Last edited by DSolZ; 15th October 2015 at 09:51 PM.

  15. #35
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    Quote Originally Posted by Stephen Chung View Post
    Sony a7r n a6000 Sent from my GT-N8020 using Tapatalk
    What do you shoot? Sports? If you are using for landscape and posed shots, A7R EVF should be fine. Try using the LCD to frame and EVF for fine focus.

  16. #36
    Senior Member Nikonzen's Avatar
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    Default Re: Mirrorless vs DSLR -- Debunking The Mirrorless Hype

    Used M9 Leicas are a pretty good deal nowadays!
    Expand your mind or get left behind

  17. #37

    Default Re: Mirrorless vs DSLR -- Debunking The Mirrorless Hype

    Quote Originally Posted by Nikonzen View Post
    Used M9 Leicas are a pretty good deal nowadays!
    I got friends who will have you know, the Leica M-system Mirrorless have the fastest Focusing ! (to infinity.. lol)

  18. #38
    Senior Member Nikonzen's Avatar
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    Default Re: Mirrorless vs DSLR -- Debunking The Mirrorless Hype

    Quote Originally Posted by alfie View Post
    I got friends who will have you know, the Leica M-system Mirrorless have the fastest Focusing ! (to infinity.. lol)
    Pretty difficult to get any faster than zone focus...haha.
    Expand your mind or get left behind

  19. #39
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    Default Re: Mirrorless vs DSLR -- Debunking The Mirrorless Hype

    I find the argument about how much easier it is to carry a mirrorless camera around in a bag vs a DSLR very disingenuous. You could be carrying a brick around in the bag, it doesn't matter.

    What matters is how it feels to shoot with and it's here the trend to go super small on the mirrorless side works against ergonomics and why sony are slowly making the A7 series bigger. They are basically the same size as a canon 6d and 100g lighter. Add in glass - worse glass in the case of the Sony - and the differences are negligible.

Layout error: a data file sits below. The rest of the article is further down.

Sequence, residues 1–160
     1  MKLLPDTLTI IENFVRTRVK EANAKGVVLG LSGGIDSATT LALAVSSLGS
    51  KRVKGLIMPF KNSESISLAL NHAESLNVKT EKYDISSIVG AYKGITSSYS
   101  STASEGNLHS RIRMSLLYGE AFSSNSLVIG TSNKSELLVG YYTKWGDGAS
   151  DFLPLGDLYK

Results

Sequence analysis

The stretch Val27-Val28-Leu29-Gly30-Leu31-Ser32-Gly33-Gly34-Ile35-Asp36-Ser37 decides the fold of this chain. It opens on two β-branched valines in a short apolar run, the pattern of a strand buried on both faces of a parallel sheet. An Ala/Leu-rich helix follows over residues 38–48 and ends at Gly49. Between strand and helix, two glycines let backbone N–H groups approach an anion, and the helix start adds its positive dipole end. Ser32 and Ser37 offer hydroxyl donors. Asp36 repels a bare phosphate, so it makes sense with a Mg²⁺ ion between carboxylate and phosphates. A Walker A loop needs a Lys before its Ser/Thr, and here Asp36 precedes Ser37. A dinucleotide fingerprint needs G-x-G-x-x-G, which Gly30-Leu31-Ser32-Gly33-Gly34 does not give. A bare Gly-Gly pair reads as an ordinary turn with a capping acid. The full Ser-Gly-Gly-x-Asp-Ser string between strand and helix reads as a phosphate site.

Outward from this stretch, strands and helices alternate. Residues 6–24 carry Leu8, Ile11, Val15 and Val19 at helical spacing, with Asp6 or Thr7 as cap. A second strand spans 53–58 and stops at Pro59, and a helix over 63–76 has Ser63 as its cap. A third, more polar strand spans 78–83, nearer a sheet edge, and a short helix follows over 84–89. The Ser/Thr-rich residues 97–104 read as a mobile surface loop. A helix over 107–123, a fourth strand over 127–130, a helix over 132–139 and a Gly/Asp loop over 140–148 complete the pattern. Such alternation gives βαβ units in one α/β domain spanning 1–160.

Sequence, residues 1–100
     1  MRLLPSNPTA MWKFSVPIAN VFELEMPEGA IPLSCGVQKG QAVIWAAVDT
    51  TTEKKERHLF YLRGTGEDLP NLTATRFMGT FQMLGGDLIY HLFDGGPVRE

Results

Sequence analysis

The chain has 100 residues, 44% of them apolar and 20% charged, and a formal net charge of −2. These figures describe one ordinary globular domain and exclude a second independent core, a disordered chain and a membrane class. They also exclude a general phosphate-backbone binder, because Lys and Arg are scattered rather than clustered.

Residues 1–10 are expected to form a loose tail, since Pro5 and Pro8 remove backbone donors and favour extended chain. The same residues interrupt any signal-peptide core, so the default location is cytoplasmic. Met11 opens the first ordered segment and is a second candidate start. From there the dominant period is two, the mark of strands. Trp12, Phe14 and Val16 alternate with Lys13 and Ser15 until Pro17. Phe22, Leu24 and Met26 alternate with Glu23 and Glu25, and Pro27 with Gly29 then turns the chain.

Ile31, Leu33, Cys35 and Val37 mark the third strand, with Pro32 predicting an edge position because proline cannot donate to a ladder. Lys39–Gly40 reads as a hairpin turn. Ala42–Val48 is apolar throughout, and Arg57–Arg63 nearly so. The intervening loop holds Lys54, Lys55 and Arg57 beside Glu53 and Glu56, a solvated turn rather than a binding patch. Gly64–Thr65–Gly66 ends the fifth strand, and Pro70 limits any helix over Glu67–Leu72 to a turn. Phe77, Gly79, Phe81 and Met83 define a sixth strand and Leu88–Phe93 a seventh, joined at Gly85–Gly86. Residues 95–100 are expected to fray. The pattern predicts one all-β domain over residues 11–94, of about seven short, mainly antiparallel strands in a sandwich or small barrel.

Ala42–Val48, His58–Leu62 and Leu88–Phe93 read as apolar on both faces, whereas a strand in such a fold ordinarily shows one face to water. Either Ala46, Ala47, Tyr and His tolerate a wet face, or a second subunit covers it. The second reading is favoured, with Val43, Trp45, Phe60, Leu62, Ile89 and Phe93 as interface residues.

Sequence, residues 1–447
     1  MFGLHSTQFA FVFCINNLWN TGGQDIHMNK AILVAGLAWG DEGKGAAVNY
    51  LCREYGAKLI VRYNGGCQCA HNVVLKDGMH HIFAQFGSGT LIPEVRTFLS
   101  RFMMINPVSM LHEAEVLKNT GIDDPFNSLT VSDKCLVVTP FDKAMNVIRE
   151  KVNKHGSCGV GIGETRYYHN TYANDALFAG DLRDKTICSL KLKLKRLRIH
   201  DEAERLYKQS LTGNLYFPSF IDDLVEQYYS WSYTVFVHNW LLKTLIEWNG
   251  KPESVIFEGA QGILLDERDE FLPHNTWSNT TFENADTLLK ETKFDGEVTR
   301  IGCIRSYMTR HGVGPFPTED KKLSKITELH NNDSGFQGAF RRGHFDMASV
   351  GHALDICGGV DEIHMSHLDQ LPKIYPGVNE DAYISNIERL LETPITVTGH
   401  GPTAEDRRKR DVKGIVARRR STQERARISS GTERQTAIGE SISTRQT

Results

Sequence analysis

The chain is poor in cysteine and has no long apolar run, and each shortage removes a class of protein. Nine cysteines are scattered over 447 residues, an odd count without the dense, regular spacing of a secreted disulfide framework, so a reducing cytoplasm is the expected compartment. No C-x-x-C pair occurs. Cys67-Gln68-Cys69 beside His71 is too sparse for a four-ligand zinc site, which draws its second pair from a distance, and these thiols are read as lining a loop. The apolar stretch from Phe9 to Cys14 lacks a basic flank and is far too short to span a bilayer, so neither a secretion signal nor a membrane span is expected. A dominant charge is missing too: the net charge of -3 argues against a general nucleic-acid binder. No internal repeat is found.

As was said earlier, choose the right tool for the job but a lot people taken in by mirrorless are armchair photographers spending way more time talking about their camera specs than they are shooting/sharing any photos

    Eventually the two product types will merge into something new, until then choose what is right for you and spend more time shooting
    Check out my site here for reviews, articles & free guides!
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  20. #40
    Senior Member sammy888's Avatar
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    Default Re: Mirrorless vs DSLR -- Debunking The Mirrorless Hype

    Quote Originally Posted by davidc34 View Post
    I find the argument about how much easier it is to carry a mirrorless camera around in a bag vs a DSLR very disingenuous. You could be carrying a brick around in the bag, it doesn't matter.

    What matters is how it feels to shoot with and it's here the trend to go super small on the mirrorless side works against ergonomics and why sony are slowly making the A7 series bigger. They are basically the same size as a canon 6d and 100g lighter. Add in glass - worse glass in the case of the Sony - and the differences are negligible.

    As was said earlier, choose the right tool for the job but a lot people taken in by mirrorless are armchair photographers spending way more time talking about their camera specs than they are shooting/sharing any photos

    Eventually the two product types will merge into something new, until then choose what is right for you and spend more time shooting
    Smartest answer yet....
    A good photo's 45% you, 45% practice & 10% equipment. A bad photo share the same ratio.